Some thoughts on learning how to mountainboard

I spent the past few days working on updating the ATBA-UK Instructor Training Programme. It’s brought a lot of my more unorthodox thoughts on teaching mountainboarding to the forefront of my brain.

Powerslides Vs. Emergency Stops

Traditionally, most mountainboard lessons have included learning to powerslide. Some instructors even teach it before turns. I have a few problems with powerslides for beginners. Firstly, doing powerslides well requires a certain amount of board control, which most beginners don’t have, and so often go wrong, or at least take some of the fun out of the lesson.

Secondly, if they are taught as a way to avoid hitting something or someone, then what a powerslide actually does is take away the riders ability to steer and keep them heading towards the thing they are trying to avoid in an uncontrollable manner.

My third issue with powerslides is the safety/legal aspect. If a person suffered spinal injuries from a powerslide that went wrong, I can just imagine the lawyer questioning the instructor with something like, ‘So, you gave the client helmet, wristguards, elbow pads, and knee pads, and then told them to put the part of their body that isn’t protected on the ground at speed?’ The instructor might as well hand over their wallet there and then.

So, what’s the alternative? I think J-turns should be the main stopping technique taught to beginners. Taught properly, J-turns can be used to stop safely at any speed, and the rider remains upright and away from the ground.

And if the rider needs to learn an Emergency Stop (not a powerslide, which I think is actually an intermediate technique), then they should be taught to get low and pull a hard backside turn so they steer away from the obstacle.

Heel straps

Don’t think I’ve ever seen a beginners board used for teaching at a centre with heel straps. Why not? Most regular riders use heel straps because we recognise how much more control we have over the board, and yet centres/board manufacturers/instructors/whoever still seem to to like to make it as difficult as possible for beginners to control their board.

I realise there is an extra expense associated with heel straps on a fleet of beginners boards, but part of that cost would be offset by not having to buy leashes, and the heel straps don’t have to be proper ratchet heel straps. A few metres of seatbelt material would make an entire fleet of heel straps.

Giving a beginner a better, and more realistic, experience of mountainboarding would surely help to get them coming back. It’s also got to be safer as it prevents them from taking a foot off the board whilst they’re going along and twisting an ankle or doing the splits.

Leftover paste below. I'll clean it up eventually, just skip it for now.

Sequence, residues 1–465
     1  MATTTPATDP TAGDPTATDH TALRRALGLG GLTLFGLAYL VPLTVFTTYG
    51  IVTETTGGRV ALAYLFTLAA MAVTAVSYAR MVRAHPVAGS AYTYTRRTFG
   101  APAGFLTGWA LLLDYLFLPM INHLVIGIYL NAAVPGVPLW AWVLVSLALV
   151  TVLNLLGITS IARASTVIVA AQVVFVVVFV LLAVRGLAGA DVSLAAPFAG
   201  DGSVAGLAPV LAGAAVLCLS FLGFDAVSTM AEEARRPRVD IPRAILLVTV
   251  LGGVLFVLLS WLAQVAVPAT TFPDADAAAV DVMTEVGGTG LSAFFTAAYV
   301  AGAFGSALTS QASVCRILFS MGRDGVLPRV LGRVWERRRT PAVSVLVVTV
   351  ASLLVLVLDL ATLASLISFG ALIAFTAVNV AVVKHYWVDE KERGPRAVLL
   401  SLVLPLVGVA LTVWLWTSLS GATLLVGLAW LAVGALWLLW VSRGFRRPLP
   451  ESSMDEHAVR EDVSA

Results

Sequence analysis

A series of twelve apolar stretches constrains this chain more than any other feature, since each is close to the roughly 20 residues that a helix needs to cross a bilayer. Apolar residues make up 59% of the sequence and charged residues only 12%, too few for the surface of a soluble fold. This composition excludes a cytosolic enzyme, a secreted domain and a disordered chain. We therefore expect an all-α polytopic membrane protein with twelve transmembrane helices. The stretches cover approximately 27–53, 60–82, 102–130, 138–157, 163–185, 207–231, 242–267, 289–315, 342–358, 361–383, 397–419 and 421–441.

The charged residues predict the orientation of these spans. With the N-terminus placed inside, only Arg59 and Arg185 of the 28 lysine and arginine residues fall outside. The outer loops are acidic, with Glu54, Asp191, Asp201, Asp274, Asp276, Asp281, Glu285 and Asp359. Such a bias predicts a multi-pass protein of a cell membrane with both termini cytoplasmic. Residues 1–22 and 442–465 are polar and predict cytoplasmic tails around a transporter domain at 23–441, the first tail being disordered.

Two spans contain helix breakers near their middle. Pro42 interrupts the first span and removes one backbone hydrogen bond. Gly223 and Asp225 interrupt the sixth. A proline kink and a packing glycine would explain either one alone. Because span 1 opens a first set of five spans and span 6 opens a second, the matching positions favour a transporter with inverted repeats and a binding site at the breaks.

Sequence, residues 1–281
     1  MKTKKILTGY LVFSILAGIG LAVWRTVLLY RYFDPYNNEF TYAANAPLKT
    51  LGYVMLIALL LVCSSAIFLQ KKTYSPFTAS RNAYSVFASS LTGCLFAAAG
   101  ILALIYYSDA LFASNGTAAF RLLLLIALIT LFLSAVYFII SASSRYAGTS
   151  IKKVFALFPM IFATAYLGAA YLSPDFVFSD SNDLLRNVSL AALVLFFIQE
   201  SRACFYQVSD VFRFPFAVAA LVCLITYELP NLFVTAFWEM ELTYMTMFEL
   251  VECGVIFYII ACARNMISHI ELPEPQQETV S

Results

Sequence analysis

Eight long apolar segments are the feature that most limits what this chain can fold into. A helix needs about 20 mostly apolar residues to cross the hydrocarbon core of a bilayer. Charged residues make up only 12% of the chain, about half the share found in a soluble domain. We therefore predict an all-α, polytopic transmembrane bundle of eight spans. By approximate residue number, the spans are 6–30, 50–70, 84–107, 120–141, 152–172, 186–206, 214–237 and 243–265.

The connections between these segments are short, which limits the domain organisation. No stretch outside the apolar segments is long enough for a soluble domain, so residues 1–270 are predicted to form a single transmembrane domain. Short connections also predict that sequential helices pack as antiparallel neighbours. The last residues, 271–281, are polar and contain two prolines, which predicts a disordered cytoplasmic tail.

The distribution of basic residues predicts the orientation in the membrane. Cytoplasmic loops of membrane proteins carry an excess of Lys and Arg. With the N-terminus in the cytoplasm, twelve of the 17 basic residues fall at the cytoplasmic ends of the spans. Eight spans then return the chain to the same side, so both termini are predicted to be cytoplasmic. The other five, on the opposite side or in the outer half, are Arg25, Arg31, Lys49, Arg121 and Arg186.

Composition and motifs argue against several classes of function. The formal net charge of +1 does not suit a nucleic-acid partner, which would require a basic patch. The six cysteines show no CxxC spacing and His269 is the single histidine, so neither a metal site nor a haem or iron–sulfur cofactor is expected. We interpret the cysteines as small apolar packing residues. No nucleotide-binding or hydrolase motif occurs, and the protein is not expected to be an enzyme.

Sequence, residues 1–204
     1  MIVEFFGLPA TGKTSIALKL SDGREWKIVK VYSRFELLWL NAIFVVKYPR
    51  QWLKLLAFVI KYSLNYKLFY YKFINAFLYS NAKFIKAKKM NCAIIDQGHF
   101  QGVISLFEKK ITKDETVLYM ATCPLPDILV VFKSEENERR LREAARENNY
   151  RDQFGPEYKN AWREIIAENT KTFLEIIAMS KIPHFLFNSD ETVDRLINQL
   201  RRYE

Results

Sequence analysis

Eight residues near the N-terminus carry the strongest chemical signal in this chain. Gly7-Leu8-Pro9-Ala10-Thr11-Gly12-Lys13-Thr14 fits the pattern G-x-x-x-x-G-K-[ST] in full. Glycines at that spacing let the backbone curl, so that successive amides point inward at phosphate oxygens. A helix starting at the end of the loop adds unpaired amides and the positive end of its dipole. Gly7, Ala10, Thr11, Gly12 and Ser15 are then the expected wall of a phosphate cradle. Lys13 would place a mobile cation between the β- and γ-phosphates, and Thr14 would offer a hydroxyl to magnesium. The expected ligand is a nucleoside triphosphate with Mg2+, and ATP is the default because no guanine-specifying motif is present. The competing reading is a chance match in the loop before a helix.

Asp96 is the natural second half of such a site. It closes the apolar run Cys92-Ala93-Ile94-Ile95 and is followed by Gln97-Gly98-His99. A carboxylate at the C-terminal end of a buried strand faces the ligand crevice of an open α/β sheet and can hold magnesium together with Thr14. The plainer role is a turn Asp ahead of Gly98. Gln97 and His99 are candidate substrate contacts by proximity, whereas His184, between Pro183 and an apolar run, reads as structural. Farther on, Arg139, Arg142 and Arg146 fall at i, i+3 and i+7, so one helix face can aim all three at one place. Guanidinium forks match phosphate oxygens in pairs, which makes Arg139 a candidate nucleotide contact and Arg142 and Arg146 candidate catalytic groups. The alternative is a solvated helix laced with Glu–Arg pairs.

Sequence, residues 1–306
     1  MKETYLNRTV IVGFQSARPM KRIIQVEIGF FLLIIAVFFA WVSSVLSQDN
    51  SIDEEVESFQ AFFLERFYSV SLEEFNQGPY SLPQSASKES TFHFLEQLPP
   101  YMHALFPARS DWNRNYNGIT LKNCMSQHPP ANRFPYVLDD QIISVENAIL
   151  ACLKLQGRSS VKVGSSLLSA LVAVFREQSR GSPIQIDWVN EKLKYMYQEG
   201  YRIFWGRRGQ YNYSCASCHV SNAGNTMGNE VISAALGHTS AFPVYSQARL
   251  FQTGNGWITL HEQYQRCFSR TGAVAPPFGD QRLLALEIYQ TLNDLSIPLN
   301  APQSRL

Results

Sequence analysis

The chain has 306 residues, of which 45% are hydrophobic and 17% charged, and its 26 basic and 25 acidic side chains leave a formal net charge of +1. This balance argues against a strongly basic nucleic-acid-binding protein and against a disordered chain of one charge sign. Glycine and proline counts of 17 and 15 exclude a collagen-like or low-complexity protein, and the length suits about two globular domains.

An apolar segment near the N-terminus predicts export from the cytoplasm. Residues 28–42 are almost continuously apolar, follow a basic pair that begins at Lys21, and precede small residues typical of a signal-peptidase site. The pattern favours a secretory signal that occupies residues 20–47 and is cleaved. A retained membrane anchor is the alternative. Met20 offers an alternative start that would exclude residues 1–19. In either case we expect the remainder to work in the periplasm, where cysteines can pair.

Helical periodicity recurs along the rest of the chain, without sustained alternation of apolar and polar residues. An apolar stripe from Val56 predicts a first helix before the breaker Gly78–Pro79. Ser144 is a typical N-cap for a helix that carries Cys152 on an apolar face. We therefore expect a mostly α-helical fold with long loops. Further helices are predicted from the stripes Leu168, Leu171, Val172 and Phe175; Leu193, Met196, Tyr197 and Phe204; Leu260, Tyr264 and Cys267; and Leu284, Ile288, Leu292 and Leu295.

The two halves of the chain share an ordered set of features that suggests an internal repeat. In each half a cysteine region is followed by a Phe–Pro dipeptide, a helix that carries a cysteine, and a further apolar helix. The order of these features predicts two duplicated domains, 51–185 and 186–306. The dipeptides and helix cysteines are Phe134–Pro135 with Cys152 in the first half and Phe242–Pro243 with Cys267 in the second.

Using brakes

Just about anyone I mention this to says, ‘Oh no, bad idea.’, but I’m not put off the idea. I think teaching people to mountainboard with brakes has two big advantages. Number 1 is image. If more mountainboards had brakes, and people didn’t have to look quizzically at them and ask ‘How do you stop?’, the boards would look safer. They’d fit into people’s preconceived ideas about things with wheels having brakes (i.e. bikes). If people saw that they could have a go at mountainboarding without the risk that comes from slides and putting various parts of your body on the ground at high speed, then more of them might give it a try.

Number 2 is a equality. Tackling the safe/dangerous image would get more people to have a go. But with slides as the main stopping technique, the rider needs to be of a certain physique, fitness, and flexibility. With brakes more different types of people can not only have a go, but stick at it. I’ve seen loads of people hobble away from mountainboard lessons with a bruised behind, never to return. Take away the need for slides and a person can ride all day without ever getting muddy (I’m reminded of the scene in Riding Giants where they are talking about the revelation of tow-in surfing and how they could ride all day without getting their hair wet) or getting any bruises.

The argument against brakes is that reduces the skills a rider learns, but I’m not so sure about this. They may learn different skills, but riding well with a brakes takes skills too. And what’s better; fewer highly skilled riders or more less skilled riders?

I realise these are unorthodox and even unpopular ideas, but sometimes steps forward come from the out-of-the-box thinking, and without considering new ways we’ll be stuck doing things the same old way forever, even if it’s not the best way.